If you struggle with diabetes and regulating your blood sugar, there is a whole regime to be followed. Salmon, WebMD notes, is a good choice as both a protein (one of the recommended fish and seafood options) and as a source of omega-3 fatty acids.

Closeup of Almonds Being Spilled Out of a Glass Bowl on It's Side


Those who want or need to lower their cholesterol have a number of dietary options that will aid the cause. As Harvard Health reports, one of those options is nuts. “A bushel of studies shows that eating almonds, walnuts, peanuts, and other nuts is good for the heart. Eating two ounces of nuts a day can slightly lower LDL, on the order of 5%. Nuts have additional nutrients that protect the heart in other ways.”

Top-View of a Liter Milk Jug Pouring Milk Into a Glass, on the Left Side

Low-Fat and Skim Milk

Women going through menopause can have a variety of health complaints, but The Checkup notes that changes in diet can help ease discomfort during this transition. Lower estrogen levels can also impact metabolism, leading to weight gain. The plan? Count calories, but also eat more dairy products (low-fat or fat-free choices will complement the calorie counting) for optimal bone health.

Dark Green Tea Kettle Pouring Green Tea, Selective Focus, Into Beige Lined White Ceramic Asian Tea Cups, Blurred

Green Tea

Those who struggle with arthritis know how challenging it can be. Along with the use of medications, a proper diet can curb the inflammatory responses from the body that cause pain. Eating the right foods also helps you maintain a healthy weight, helps reduce knee and hip issues. Among the recommendations from Penn Medicine is drinking green tea: “This mild-mannered drink contains a natural antioxidant called epigallocatechin-3-gallate (EGCG). This ingredient has been shown to stop the production of certain inflammatory chemicals in the body, including those involved in arthritis.”

Closeup of Three Pieces of Dark Chocolate in a Stack, Selective Focus, on a Slate Plate, Surrounded By Tiny Dark Chocolate Pieces and Dust

Dark Chocolate

Some days we simply feel a bit off. As Clean Eating reports, “Brain fog brings on symptoms like memory issues, a lack of mental clarity and difficulty focusing.” In addition to fine-tuning of your diet, try eating some dark chocolate and other cocoa-based foods. They’re rich in flavonoids, which aid proper body functioning.

Closeup of Tomato Salad with Onions, Herbs, and Feta Cheese, in a Blue Ceramic Bowl, Selective Focus


Those who deal with asthma know it can be a scary condition. An attack is what you definitely want to avoid, and studies have shown that certain foods can help. As WebMD reports, foods made with tomatoes seem to help. “Scientists think it may be the lycopene that helps most, but more research is needed. Some studies show they can keep you breathing better over the long term.”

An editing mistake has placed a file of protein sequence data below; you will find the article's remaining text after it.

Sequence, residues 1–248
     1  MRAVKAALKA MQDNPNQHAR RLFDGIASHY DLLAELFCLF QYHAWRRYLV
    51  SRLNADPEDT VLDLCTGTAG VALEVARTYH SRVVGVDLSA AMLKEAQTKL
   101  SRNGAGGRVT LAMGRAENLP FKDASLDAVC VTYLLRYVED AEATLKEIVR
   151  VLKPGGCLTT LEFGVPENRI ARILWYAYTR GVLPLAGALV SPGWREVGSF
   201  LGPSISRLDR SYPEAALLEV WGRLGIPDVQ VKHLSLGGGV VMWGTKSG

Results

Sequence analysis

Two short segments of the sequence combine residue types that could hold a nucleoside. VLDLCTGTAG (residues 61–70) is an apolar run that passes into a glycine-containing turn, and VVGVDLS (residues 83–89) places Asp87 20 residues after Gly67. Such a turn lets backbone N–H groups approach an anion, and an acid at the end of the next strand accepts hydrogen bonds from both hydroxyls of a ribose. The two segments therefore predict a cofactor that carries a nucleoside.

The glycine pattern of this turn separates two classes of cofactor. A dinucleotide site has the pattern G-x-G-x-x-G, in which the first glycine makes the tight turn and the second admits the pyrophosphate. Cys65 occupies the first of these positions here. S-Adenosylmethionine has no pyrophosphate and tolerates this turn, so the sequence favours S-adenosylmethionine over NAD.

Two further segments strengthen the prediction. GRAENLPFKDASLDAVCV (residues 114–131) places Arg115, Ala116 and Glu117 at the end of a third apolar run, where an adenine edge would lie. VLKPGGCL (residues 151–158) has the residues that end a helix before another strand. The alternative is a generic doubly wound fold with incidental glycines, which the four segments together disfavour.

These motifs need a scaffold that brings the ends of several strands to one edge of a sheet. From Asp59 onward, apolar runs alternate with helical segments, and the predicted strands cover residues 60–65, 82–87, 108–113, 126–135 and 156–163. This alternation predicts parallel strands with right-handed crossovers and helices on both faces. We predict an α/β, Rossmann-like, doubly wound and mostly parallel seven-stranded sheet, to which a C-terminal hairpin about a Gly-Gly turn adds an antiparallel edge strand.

Top-View of Several Different Kinds of Fruits and Vegetables in a Wooden Crate Basket Including Bananas, Asparagus, Broccoli, Oranges, and More

Whole Foods

While every surgery and its after-effects will be different, there is one thing to keep in mind, according to VeryWellHealth: “One of the best things you can do to improve your nutritional status when you are recovering from surgery is to focus on whole foods.” Translation: an orange instead of orange juice, a baked potato instead of fries, and chicken breast instead of chicken nuggets.

Closeup of Cherries in a Ceramic Bowl, One Halved Cherry on Top, Selective Focus, Still with Stems Going in All Directions


Those who are not getting the sleep they need are not only cranky but can have health issues that go beyond sleepiness. The Sleep Foundation has compiled a list of foods and beverages that just might make it easier to get “a great night’s sleep” and shares that several studies have shown that tart cherries, also known as sour cherries, offer sleep benefits. “Tart cherries have been found to have above-average concentrations of melatonin, which is a hormone that helps regulate circadian rhythm and promote healthy sleep. Tart cherries may also have an antioxidant effect.”

Glass Jug Pouring Water Into a Glass, Selective Focus


If you’re constantly tired — and who isn’t these days? — you might want to know that you can perk things up a bit by drinking more water. As Healthline reports, “Drinking water is essential for optimal functioning of the body. Although water doesn’t provide energy in the form of calories, it helps facilitate the energetic processes in the body, which is an energy boost in itself.” Swap soda, coffee, and other drinks for a cool glass of water.

Related: Cheap Ways to Jazz Up Plain Water and Stay Hydrated

Closeup of Two Slices of Avocado Toast on a White Plastic Plate with Cherry Tomatoes


If your “under-the-weather” feeling is actually a hangover, there are foods you can eat to help you recover from that one drink too many. There’s a reason avocado toast is found on nearly every brunch menu these days— avocado is packed with potassium, which combats dizziness and muscle weakness, as well as B6 to replenish lost vitamins and fiber to move toxins out of your body.